Research Papers:

Gelsolin-mediated activation of PI3K/Akt pathway is crucial for hepatocyte growth factor-induced cell scattering in gastric carcinoma

Baohua Huang, Shuo Deng, Ser Yue Loo, Arpita Datta, Yan Lin Yap, Benedict Yan, Chia Huey Ooi, Thuy Duong Dinh, Jingli Zhuo, Lalchhandami Tochhawng, Suma Gopinadhan, Tamilarasi Jegadeesan, Patrick Tan, Manuel Salto-Tellez, Wei Peng Yong, Richie Soong, Khay Guan Yeoh, Yaw Chong Goh, Peter E. Lobie, Henry Yang, Alan Prem Kumar, Sutherland K. Maciver, Jimmy B.Y. So and Celestial T. Yap _

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Oncotarget. 2016; 7:25391-25407. https://doi.org/10.18632/oncotarget.8603

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Baohua Huang1,*, Shuo Deng1,*, Ser Yue Loo1,2,3, Arpita Datta1, Yan Lin Yap4, Benedict Yan5, Chia Huey Ooi6, Thuy Duong Dinh1, Jingli Zhuo7, Lalchhandami Tochhawng7, Suma Gopinadhan1, Tamilarasi Jegadeesan1, Patrick Tan1,2,3,6, Manuel Salto-Tellez8, Wei Peng Yong2,9,10, Richie Soong2,11, Khay Guan Yeoh12, Yaw Chong Goh13, Peter E. Lobie2,10,14 , Henry Yang2, Alan Prem Kumar2,10,14,15,16, Sutherland K. Maciver17, Jimmy B.Y. So4 and Celestial T. Yap1,10

1 Department of Physiology, Yong Loo Lin School of Medicine, NUS, Singapore

2 Cancer Science Institute of Singapore, National University of Singapore (NUS), Singapore

3 Genome Institute of Singapore, Agency for Science, Technology and Research (A*STAR), Singapore

4 Department of Surgery, National University Health System, Singapore

5 Department of Pathology and Laboratory Medicine, KK Women’s and Children’s Hospital, Singapore

6 Duke-NUS Graduate Medical School, Singapore

7 Department of Biochemistry, Yong Loo Lin School of Medicine, National University of Singapore, Singapore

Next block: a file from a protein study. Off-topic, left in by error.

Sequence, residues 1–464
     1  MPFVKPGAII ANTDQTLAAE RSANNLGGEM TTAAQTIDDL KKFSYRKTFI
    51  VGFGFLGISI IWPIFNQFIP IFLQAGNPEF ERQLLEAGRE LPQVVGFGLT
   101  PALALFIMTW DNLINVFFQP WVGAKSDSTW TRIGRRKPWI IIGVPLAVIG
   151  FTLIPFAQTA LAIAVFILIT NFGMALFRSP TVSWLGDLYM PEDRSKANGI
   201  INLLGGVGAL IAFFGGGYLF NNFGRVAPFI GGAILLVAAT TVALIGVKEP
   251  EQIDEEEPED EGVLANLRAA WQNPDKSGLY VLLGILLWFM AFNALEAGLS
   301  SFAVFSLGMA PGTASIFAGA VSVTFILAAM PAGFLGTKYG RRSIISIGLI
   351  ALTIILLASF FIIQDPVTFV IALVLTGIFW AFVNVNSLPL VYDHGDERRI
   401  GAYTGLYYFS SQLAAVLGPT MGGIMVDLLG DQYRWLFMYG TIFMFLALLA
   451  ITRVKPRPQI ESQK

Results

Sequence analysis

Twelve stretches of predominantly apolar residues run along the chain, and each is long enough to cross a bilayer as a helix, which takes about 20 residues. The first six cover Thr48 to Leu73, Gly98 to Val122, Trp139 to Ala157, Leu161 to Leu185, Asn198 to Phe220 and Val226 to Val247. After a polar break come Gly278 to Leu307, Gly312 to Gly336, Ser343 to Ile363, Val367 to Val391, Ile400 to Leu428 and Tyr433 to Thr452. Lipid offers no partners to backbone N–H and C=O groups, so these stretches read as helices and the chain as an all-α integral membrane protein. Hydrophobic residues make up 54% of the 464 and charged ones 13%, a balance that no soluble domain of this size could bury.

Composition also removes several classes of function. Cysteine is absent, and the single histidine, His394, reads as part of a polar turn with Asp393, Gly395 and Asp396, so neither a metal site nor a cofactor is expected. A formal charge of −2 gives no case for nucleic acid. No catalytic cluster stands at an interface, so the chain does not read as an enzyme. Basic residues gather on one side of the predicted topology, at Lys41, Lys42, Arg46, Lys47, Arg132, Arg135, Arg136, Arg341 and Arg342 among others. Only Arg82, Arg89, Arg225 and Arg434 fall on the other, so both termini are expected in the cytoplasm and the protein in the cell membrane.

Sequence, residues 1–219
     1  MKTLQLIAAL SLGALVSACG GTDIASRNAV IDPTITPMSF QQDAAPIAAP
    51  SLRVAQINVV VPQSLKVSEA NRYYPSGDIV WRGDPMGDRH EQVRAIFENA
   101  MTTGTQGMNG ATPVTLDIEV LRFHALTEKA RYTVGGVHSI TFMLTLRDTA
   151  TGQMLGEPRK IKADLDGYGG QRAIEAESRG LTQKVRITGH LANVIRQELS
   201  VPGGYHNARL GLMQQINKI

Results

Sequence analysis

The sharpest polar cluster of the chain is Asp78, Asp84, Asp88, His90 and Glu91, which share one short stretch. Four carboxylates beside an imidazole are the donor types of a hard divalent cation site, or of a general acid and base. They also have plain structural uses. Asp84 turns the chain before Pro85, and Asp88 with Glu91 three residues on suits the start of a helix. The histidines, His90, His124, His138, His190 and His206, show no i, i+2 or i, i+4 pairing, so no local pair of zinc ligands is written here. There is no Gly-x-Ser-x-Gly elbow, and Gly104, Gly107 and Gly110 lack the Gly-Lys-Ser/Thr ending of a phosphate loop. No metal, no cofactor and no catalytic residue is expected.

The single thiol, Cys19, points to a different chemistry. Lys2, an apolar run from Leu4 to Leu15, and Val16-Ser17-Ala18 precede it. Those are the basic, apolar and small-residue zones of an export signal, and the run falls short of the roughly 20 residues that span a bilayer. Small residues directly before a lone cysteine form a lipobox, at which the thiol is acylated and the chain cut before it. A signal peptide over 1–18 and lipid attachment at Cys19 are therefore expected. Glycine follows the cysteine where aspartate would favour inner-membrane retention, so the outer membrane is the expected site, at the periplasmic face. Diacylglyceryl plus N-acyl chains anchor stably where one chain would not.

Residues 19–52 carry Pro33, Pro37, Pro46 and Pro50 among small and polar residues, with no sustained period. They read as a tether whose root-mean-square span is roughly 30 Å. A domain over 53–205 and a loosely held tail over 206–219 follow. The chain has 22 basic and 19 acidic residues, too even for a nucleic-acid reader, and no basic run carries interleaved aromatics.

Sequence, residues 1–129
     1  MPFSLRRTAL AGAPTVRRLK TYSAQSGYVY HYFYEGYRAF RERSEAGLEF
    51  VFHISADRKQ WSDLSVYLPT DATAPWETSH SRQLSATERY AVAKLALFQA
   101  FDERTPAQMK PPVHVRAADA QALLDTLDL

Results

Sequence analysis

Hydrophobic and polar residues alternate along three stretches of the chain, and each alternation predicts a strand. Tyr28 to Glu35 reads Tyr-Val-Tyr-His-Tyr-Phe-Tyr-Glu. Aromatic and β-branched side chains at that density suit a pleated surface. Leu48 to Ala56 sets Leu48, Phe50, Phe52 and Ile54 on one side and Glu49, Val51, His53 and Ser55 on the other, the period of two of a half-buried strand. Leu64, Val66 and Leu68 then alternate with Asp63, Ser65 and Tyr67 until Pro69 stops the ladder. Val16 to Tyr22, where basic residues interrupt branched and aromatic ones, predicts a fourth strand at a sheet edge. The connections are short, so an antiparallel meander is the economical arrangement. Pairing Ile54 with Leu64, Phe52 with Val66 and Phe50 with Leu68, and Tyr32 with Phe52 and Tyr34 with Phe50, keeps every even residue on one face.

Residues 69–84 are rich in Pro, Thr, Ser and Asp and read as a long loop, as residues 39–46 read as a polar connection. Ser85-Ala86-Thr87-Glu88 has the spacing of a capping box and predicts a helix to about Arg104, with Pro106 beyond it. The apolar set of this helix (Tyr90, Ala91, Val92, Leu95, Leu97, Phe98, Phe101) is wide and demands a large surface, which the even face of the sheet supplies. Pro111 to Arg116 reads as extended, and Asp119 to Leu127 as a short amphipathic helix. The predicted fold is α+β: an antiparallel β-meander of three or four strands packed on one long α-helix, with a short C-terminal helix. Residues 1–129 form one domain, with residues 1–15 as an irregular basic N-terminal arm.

8 Centre for Cancer Research and Cell Biology, Queen’s University Belfast, Belfast, UK

9 Department of Haematology-Oncology, National University Health System, Singapore

10 National University Cancer Institute, Singapore

11 Department of Pathology, National University Health System, Singapore

12 Department of Medicine, Yong Loo Lin School of Medicine, National University of Singapore, Singapore

13 Department of General Surgery, Singapore General Hospital, Singapore

14 Department of Pharmacology, Yong Loo Lin School of Medicine, National University of Singapore, Singapore

15 Curtin Health Innovation Research Institute, Biosciences Research Precinct, School of Biomedical Sciences, Faculty of Health Sciences, Curtin University, Bentley WA, Australia

16 Department of Biological Sciences, University of North Texas, Denton, TX, USA

17 Department of Biomedical Sciences, University of Edinburgh, Edinburgh, UK

* These authors have contributed equally to this work as co-first authors

Correspondence to:

Celestial T. Yap, email:

Jimmy B.Y. So, email:

Keywords: gelsolin, gastric cancer, E-Cadherin, hepatocyte growth factor (HGF), cancer invasion

Received: June 29, 2015 Accepted: March 02, 2016 Published: April 05, 2016


In gastric cancer (GC), the main subtypes (diffuse and intestinal types) differ in pathological characteristics, with diffuse GC exhibiting early disseminative and invasive behaviour. A distinctive feature of diffuse GC is loss of intercellular adhesion. Although widely attributed to mutations in the CDH1 gene encoding E-cadherin, a significant percentage of diffuse GC do not harbor CDH1 mutations. We found that the expression of the actin-modulating cytoskeletal protein, gelsolin, is significantly higher in diffuse-type compared to intestinal-type GCs, using immunohistochemical and microarray analysis. Furthermore, in GCs with wild-type CDH1, gelsolin expression correlated inversely with CDH1 gene expression. Downregulating gelsolin using siRNA in GC cells enhanced intercellular adhesion and E-cadherin expression, and reduced invasive capacity. Interestingly, hepatocyte growth factor (HGF) induced increased gelsolin expression, and gelsolin was essential for HGF-medicated cell scattering and E-cadherin transcriptional repression through Snail, Twist and Zeb2. The HGF-dependent effect on E-cadherin was found to be mediated by interactions between gelsolin and PI3K-Akt signaling. This study reveals for the first time a function of gelsolin in the HGF/cMet oncogenic pathway, which leads to E-cadherin repression and cell scattering in gastric cancer. Our study highlights gelsolin as an important pro-disseminative factor contributing to the aggressive phenotype of diffuse GC.

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